AI comes to HVAC
Proekspert in cooperation with marine industry powerhouse Rheinhold & Mahla has developed an HVAC control policy technology based on artificial intelligence (AI) that reduces energy consumption by around 10% while maintaining optimal customer comfort.
The solution can be integrated to existing HVAC controls with minimal installation costs and can start producing value in a couple of months. The software learns from historical data, with its estimated benefit increasing over time. Maximal gains can be expected after one year when the full weather cycle has been observed.
Tähve Lõpp, Proekspert Business Developer shares our experience in creating AI-based HVAC control technology that reduces energy consumption ca 10%.
AI in HVAC – centrally controlled intelligent temperature control
Current HVAC control systems rely on a sensible yet simple policies technology. It is common to partition all possible weather modes into either winter or summer, both having their own specifications. The underlying software has the capability to utilize elaborate programmable settings at setpoints for room and air handling units. However, in practice, the setpoints are changed by the crew in a haphazard manner. A central coordinating agent that could account for the effects of setpoint changes to overall energy consumption or occupant comfort is therefore lacking. This approach can be problematic since in practice no two ships are identical both in terms of equipment and thermodynamics. By definition, any calculation based on an a priori design condition falls off target most of the time. An optimal system would require accurate calculations in a continuum of design conditions, weighted by the probability of the condition occurring.
Streamlined data-driven logic in HVAC
Control systems in modern vessels rely on intricate sensor networks. It is common for HVAC modules to record temperature, humidity, carbon dioxide and pressure in almost every room. Meanwhile, data on the operating characteristics of various devices is gathered concurrently. This can include but is not limited to fan speeds, valve positions, damper states, pump speeds, refrigerant pressures and general device load levels. All of these readings are typically gathered in localized programmable logic controllers (PLCs), which are today capable of sophisticated control decisions. A central HVAC server usually concludes the highest control abstraction level, being able to monitor and control the entire vessel’s operations. This sets the stage for potentially complex control policies, which account for external parameters such as the weather but also for the interdependencies between the hundreds of devices on board.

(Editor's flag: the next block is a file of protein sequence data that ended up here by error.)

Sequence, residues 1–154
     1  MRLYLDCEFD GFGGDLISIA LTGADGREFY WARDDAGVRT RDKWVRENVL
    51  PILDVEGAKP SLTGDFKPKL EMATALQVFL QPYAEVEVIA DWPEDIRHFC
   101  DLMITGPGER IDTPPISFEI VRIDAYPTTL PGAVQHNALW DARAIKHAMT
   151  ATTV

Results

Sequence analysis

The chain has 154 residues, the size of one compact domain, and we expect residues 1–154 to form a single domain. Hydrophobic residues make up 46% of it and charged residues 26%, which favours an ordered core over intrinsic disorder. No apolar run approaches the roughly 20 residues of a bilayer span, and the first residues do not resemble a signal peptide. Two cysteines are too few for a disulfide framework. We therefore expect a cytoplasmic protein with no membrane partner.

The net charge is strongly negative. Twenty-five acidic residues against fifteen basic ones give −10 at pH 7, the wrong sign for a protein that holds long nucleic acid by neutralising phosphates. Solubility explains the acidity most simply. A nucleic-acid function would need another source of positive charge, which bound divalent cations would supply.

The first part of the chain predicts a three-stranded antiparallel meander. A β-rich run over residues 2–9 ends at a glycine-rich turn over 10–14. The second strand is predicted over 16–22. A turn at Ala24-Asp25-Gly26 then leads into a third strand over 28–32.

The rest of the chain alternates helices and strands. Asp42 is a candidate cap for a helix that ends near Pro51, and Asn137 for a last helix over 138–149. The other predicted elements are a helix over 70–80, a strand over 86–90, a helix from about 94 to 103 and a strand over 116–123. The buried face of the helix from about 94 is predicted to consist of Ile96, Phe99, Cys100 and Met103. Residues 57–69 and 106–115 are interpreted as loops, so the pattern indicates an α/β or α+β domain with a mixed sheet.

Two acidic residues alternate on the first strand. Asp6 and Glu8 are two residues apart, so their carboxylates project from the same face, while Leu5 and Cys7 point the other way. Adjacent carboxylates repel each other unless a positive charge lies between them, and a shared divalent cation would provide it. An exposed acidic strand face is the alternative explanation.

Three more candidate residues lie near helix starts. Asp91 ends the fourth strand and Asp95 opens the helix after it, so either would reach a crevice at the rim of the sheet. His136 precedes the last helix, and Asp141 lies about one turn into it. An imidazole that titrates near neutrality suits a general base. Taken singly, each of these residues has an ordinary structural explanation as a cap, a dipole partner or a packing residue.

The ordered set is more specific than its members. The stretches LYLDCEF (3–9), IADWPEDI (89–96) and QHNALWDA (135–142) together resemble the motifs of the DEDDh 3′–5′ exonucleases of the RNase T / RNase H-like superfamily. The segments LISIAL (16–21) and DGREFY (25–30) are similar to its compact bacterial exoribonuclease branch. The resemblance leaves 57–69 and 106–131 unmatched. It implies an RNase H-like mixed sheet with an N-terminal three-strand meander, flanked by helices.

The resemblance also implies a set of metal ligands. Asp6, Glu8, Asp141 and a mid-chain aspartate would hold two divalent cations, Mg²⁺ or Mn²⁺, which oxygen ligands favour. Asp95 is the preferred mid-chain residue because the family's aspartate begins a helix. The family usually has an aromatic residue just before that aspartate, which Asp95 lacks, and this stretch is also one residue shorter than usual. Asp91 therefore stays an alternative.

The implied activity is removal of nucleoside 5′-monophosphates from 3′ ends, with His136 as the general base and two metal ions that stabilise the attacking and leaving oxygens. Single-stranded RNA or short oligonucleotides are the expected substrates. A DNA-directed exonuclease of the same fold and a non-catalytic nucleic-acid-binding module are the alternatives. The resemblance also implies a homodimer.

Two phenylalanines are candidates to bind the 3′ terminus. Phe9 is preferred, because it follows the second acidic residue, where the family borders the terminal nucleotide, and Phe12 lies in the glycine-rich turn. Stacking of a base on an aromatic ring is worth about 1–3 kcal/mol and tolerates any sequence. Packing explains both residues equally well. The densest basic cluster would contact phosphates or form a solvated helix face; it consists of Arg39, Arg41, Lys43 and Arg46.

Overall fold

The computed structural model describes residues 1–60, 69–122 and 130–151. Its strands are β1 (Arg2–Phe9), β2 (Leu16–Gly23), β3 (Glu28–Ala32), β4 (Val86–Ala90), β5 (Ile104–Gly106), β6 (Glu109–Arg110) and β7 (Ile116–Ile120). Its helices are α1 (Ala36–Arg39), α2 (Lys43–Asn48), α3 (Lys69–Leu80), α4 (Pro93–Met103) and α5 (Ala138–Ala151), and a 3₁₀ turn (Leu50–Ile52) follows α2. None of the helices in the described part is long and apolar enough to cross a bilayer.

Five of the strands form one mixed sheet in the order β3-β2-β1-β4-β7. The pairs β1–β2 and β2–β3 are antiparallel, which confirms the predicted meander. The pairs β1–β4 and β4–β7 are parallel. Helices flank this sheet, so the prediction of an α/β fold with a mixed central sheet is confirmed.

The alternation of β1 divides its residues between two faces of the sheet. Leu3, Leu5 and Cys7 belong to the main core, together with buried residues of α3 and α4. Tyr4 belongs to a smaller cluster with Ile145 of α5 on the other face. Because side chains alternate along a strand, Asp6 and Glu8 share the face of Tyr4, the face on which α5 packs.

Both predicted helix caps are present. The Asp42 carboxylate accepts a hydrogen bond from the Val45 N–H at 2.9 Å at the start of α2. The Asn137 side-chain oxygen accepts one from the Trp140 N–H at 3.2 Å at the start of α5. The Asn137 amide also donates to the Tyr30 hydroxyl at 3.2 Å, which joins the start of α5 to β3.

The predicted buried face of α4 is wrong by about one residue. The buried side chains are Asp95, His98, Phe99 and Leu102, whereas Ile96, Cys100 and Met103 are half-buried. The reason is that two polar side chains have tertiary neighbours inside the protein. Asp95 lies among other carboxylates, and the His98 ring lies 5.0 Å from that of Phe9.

Machine learning – one step ahead with accuracy
Machine learning models such as neural networks and gradient boosted tree ensembles can approximate functions across a variety of domains with a precision unmatched by theoretical simulations. There are even mathematical proofs stating that neural networks are universal function approximators, meaning that they can learn any arbitrary function. This means that any of the vastly complex differential equations governing thermodynamics and electricity can be simply learned from the data. A trained model can then be used to make predictions or simulations, a kind of a what-if scenario analysis to find optimal control decisions. In the future, the model can also be applied as an adaptive control system which re-tunes PID controller parameters where conditions differ from the original (e.g. due to wear and tear on the devices), enabling more precise microcontrol and allowing for further optimization gains.
Tried and tested
Proekspert worked on a pilot with two RoPax class ferries. Using R&M’s domain knowledge and Proekspert’s technical experience in data science, a solution was devised that gathers data remotely from the vessels, uses trained models to simulate different control decisions and sends the optimal decision to a local PLC, which communicates the command to a device.
Despite there being only a few months of operational data, the prediction models already achieve a great deal of accuracy. The temperature in arbitrary rooms can be predicted with a median error of merely 0.2C. The energy consumption of large devices such as chillers can be clearly linked to weather and internal configurations such as chilled water outlet temperatures. Using these predictive models as inputs, a simple control policy was devised that outperforms the current system by a margin of 10% of HVAC energy consumption. The control decisions (such as room temperature setpoint) are performed autonomously – not requiring human intervention. However, if the need arises, the setpoints can be overridden by the crew.
In addition to seamless optimized control, the data-driven methodology proved useful in detecting HVAC faults and misconfigurations. Non-catastrophic faults such as sensor failures or ineffective setpoints are difficult to detect unless there is direct negative customer feedback. However, from the data these can be immediately identified. By monitoring a key set of specific HVAC metrics (such as chilled water inlet-outlet delta T), a real-time overview of the system’s operating characteristics can be established.
Use of artificial intelligence in HVAC
Overall, the pilot confirms the hypothesis that in large interconnected systems with many components, artificial intelligence can be used to improve control decisions by making it possible to enhance human-imposed rules with adaptive suggestions that have been learned from thousands of historical data points.
If you are interested in what analytics can do for your company, contact Henry Aljand: firstname.lastname@example.org
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